Martin Joseph Zimmer, Plaintiff-appellant, v. John K. Bork, Assistant Attorney General; Gerald Zimmer,auctioneer; William Ludwig, County Attorney; Thomas M.tuggle, District Judge; Douglas Daughtery, Mitchell Countysheriff, Defendants-appellees, 94 F.3d 657 (10th Cir. 1996)

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U.S. Court of Appeals for the Tenth Circuit - 94 F.3d 657 (10th Cir. 1996) Aug. 20, 1996

Before ANDERSON, BARRETT, and MURPHY, Circuit Judges.


After examining the briefs and appellate record, this panel has determined unanimously that oral argument would not materially assist the determination of this appeal. See Fed. R. App. P. 34(a); 10th Cir. R. 34.1.9. The case is therefore ordered submitted without oral argument.

Martin Joseph Zimmer appeals the district court's dismissal of his civil rights action under 42 U.S.C. § 1983.1  Zimmer brought suit against several participants in the criminal investigation and prosecution that resulted in his convictions of robbery and deprivation of property. Zimmer alleged violations of his Sixth, Eighth, and Fourteenth Amendment rights occurring during the course of the investigation and prosecution.

The district court construed Zimmer's Complaint as a petition for a writ of habeas corpus seeking relief from the alleged denial of a fair and impartial trial. It held that Zimmer had not exhausted his state remedies and so his habeas action was premature. Moreover, it concluded that his civil action against an assistant attorney general, a county attorney, a district court judge, and the county sheriff for their participation in the criminal investigation and proceedings against him was barred because these state actors enjoyed absolute immunity. Finally, the district court held that Zimmer's claim against his own father must fail because as a witness at trial, he is absolutely immune from a civil rights suit based upon his testimony.

On appeal, Zimmer asserts vaguely that the district court exceeded its jurisdiction by dismissing his Complaint. He asserts that he did not seek relief from his confinement. Rather, he alleges a number of violations of his constitutional rights that took place at his trial and which denied him a fair and impartial trial. As we are required, we read Zimmer's Complaint liberally, as either a section 1983 claim or a section 2254 petition. Concerning the section 1983 claim, we affirm the dismissal for substantially the reasons stated by the district court in its Memorandum and Order. Moreover, we conclude that the district court was correct to construe Zimmer's Complaint as actually seeking habeas relief and affirm for the reason stated by the district court: Zimmer has not exhausted all available state remedies as he is required by 28 U.S.C. § 2254.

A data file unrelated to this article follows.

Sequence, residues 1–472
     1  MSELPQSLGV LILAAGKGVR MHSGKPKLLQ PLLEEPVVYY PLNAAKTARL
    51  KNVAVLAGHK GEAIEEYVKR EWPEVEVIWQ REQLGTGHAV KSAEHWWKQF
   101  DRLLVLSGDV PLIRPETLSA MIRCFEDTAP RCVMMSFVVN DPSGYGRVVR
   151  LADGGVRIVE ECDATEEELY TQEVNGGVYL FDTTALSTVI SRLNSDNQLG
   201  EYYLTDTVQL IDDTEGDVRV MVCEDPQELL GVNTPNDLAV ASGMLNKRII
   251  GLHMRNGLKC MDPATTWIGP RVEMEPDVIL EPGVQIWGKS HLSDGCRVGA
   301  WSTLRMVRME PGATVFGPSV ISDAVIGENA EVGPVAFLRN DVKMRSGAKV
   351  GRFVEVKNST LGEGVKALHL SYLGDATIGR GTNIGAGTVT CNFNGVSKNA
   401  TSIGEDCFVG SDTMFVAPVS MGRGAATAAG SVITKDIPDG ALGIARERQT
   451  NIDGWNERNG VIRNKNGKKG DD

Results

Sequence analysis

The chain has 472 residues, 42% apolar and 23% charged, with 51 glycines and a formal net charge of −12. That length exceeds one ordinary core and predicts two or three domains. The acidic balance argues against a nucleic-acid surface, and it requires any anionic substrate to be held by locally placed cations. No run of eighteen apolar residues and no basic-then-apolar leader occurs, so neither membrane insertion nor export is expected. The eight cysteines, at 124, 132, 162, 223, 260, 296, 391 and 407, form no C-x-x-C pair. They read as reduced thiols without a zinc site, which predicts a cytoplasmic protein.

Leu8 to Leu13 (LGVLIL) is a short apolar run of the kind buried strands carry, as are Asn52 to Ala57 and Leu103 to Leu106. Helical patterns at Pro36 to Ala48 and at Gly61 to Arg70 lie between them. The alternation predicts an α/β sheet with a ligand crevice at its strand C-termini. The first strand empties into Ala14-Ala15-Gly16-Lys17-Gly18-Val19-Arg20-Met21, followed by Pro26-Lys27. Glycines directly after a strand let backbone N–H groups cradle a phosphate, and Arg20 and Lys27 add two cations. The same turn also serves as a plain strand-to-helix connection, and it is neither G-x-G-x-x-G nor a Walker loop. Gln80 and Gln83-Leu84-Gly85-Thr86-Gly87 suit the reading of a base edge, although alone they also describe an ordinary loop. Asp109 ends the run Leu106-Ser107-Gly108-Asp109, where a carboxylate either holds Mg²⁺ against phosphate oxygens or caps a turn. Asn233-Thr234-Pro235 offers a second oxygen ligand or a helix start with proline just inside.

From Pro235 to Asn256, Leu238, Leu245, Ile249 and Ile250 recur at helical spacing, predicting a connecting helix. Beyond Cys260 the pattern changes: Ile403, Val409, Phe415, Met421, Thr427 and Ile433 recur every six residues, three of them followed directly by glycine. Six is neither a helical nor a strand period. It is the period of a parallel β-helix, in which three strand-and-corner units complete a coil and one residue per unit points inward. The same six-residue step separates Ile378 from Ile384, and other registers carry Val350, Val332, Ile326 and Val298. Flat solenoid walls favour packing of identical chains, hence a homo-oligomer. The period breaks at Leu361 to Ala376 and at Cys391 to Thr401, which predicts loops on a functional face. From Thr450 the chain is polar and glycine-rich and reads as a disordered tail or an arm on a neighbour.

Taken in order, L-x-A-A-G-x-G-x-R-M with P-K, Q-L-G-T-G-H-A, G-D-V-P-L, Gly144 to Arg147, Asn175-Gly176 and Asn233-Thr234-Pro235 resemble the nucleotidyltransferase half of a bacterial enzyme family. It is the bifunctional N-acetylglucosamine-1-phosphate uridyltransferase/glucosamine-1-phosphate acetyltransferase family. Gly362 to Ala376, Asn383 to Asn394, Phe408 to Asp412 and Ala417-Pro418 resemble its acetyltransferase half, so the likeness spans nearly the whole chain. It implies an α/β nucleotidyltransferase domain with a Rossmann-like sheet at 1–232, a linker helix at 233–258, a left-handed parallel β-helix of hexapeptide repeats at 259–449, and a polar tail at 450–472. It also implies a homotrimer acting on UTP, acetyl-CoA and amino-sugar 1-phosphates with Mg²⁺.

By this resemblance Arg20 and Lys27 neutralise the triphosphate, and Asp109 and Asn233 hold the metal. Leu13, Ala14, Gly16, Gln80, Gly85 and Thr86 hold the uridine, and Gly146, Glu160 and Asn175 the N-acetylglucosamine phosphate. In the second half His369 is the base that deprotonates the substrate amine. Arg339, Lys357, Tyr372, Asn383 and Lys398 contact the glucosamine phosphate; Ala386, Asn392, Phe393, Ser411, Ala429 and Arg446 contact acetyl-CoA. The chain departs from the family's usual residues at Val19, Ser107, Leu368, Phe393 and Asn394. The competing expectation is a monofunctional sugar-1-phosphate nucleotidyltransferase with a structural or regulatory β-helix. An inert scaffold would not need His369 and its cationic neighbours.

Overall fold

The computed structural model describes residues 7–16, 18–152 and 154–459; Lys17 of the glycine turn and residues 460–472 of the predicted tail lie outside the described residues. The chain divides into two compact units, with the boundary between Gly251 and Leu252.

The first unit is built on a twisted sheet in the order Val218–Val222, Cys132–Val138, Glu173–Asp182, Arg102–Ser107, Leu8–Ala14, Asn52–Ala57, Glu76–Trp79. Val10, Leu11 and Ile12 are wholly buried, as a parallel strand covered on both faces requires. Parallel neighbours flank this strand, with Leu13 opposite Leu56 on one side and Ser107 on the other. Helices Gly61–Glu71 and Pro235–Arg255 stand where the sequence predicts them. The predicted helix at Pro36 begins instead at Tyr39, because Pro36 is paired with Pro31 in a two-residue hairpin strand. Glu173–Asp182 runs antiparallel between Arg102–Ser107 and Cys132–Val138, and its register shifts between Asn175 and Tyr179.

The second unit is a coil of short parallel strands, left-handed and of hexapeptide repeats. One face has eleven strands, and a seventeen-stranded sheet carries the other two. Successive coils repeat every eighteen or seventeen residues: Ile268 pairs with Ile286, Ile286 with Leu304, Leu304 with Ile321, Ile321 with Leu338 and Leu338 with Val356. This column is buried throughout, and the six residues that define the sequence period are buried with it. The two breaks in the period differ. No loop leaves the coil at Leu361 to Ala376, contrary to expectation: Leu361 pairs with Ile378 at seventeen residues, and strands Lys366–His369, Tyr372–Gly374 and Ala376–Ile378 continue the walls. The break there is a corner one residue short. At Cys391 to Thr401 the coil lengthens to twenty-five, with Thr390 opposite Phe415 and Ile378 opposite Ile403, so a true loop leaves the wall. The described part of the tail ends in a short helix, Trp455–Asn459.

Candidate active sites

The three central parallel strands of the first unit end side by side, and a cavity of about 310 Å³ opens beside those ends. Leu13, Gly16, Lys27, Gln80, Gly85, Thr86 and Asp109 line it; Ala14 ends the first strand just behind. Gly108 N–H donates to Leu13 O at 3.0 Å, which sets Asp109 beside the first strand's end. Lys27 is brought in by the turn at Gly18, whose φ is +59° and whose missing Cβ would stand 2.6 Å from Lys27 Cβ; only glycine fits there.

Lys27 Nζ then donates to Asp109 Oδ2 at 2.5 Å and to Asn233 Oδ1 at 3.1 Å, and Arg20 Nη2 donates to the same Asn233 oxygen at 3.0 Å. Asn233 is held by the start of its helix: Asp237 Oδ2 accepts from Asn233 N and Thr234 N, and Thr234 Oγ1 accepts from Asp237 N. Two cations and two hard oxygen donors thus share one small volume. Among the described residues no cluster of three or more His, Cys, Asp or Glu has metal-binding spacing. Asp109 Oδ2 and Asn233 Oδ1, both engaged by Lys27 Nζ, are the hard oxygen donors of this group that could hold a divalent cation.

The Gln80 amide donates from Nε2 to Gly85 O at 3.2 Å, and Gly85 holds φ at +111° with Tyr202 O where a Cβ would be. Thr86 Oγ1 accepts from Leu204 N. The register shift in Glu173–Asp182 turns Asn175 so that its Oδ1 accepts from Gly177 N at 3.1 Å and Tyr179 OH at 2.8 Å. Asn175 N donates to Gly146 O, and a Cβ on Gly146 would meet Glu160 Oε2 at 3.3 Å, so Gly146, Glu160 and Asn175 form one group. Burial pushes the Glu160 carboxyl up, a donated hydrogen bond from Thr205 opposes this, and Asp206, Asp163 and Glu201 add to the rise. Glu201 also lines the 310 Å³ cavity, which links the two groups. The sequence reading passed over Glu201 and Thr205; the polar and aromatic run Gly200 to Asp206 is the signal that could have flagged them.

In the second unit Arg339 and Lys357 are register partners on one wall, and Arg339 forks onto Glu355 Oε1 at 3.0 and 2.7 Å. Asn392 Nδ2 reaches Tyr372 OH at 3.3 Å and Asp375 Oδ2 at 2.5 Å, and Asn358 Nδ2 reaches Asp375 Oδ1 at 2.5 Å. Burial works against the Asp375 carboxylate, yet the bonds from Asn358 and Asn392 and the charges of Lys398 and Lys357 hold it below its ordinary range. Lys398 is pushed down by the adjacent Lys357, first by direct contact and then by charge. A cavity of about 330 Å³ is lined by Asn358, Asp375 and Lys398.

The district court is thus AFFIRMED and Zimmer's Complaint is hereby DISMISSED.


This order and judgment is not binding precedent, except under the doctrines of law of the case, res judicata and collateral estoppel. The court generally disfavors the citation of orders and judgments; nevertheless, an order and judgment may be cited under the terms and conditions of 10th Cir. R. 36.3


The district court denied Zimmer's motion to proceed in forma pauperis. We hereby grant that motion and reach the merits of Zimmer's complaint. The President, however, recently signed into law amendments to 28 U.S.C. § 1915(b) (1), which now require inmates to make partial payment of court fees when possible. Zimmer filed his notice of appeal on October 12, 1995. The President signed the "Prison Litigation Reform Act of 1995" on April 26, 1996. Green v. Nottingham, No. 96-511, 1996 WL 384762, at * 1, * 6 (10th Cir. July 10, 1996). On this basis, we do not apply the new provisions of section 1915(b) (1). See Edens v. Hannigan, No. 94-3352, 1996 WL 339763, at * 1 n. 1 (10th Cir. June 20, 1996) (concluding that provisions of the "Antiterrorism and Effective Death Penalty Act of 1996" did not apply to noncapital habeas appeal filed before the President signed the Act); see also Green, No. 96-511, 1996 WL 584762, at * 6 (applying in forma pauperis provisions of the "Prison Litigation Reform Act of 1995" to a mandamus petition filed after the President signed the Act)